A new bridge on a parallel alignment was not feasible, as it would have required the acquisition of numerous properties, which would have triggered the need for an environmental impact statement, a minimum four-year process. By designing the project within the confines of the existing right-of-way, the Port Authority used an environmental assessment which only took eight months to approve, thus providing an accelerated timeline.
The increase in navigational height necessitated new approaches to be constructed in stages to allow uninterrupted local traffic flow. First, the northbound approach structure and elevated roadway on the arch were constructed. New pier columns were erected through the existing deck to stay within the right-of-way. Then the existing southbound structure was demolished after traffic was moved off the existing bridge on to the new northbound structure. Then the new southbound structure was constructed.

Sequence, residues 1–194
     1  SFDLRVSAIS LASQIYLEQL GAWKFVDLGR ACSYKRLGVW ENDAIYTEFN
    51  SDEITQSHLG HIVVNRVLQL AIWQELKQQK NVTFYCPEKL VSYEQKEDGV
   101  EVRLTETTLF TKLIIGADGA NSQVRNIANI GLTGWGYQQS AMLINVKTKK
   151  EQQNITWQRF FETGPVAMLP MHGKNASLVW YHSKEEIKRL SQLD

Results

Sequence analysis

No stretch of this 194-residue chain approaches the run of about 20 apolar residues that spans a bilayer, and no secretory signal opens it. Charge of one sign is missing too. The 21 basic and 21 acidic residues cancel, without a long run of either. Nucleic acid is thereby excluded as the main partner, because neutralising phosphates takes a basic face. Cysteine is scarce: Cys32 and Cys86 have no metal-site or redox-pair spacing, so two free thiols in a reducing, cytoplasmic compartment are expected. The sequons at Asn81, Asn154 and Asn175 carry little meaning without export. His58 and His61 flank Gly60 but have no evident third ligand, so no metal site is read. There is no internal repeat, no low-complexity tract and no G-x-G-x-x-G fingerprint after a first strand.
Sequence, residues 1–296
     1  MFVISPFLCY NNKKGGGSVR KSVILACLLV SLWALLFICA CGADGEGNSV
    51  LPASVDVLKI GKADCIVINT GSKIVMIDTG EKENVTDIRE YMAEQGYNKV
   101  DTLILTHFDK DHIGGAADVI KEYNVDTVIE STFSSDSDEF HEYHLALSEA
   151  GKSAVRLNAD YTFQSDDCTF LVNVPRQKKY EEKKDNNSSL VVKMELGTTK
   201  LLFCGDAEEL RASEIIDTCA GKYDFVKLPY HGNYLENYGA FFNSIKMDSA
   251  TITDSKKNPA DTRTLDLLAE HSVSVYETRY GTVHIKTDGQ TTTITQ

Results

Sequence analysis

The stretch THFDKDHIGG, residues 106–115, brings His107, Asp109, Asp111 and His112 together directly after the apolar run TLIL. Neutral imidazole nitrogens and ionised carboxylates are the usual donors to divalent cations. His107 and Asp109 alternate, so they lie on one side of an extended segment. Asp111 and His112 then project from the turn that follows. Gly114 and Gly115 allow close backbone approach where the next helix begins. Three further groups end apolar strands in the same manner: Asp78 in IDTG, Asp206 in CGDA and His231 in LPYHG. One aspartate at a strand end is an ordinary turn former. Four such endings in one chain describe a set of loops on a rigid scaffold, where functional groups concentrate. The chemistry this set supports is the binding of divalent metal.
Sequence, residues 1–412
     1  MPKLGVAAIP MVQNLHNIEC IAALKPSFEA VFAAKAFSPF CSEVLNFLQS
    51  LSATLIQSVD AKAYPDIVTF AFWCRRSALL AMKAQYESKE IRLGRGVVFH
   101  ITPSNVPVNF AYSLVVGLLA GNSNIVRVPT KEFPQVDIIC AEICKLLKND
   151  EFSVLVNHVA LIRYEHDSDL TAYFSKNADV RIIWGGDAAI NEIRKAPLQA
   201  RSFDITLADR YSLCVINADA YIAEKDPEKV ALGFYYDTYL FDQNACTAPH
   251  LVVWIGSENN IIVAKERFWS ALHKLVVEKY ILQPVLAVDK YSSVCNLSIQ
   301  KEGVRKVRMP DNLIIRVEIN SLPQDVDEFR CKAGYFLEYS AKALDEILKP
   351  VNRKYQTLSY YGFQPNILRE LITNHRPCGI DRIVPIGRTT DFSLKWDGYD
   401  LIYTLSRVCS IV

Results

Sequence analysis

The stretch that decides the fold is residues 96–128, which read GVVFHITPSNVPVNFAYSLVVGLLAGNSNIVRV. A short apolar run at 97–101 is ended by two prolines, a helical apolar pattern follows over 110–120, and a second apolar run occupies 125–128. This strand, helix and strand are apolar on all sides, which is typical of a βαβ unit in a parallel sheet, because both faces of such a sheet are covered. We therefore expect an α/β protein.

Designing the new approach superstructures included four separate segmental concrete box girder bridges with a total length of more than 10,600 linear ft. The span lengths for the two side-by-side structures vary from 125 ft to 272 ft. The box girders were built using a self-launching, overhead gantry truss, while the approach bridges were built with segmental cantilever construction to eliminate the need for falsework and to allow the bridges to be constructed over traffic and existing structures. The approach bridges include a 36-ft-wide roadway that increases to 48-ft-wide at the abutments to accommodate acceleration and deceleration lanes. The southbound structure is designed to accommodate future light rail on the west overhang. The northbound structure includes a 12-ft-wide shared-use path on the east overhang. The two structures also carry a fire standpipe, drainage, and 38 other miscellaneous utilities enclosed within the boxes.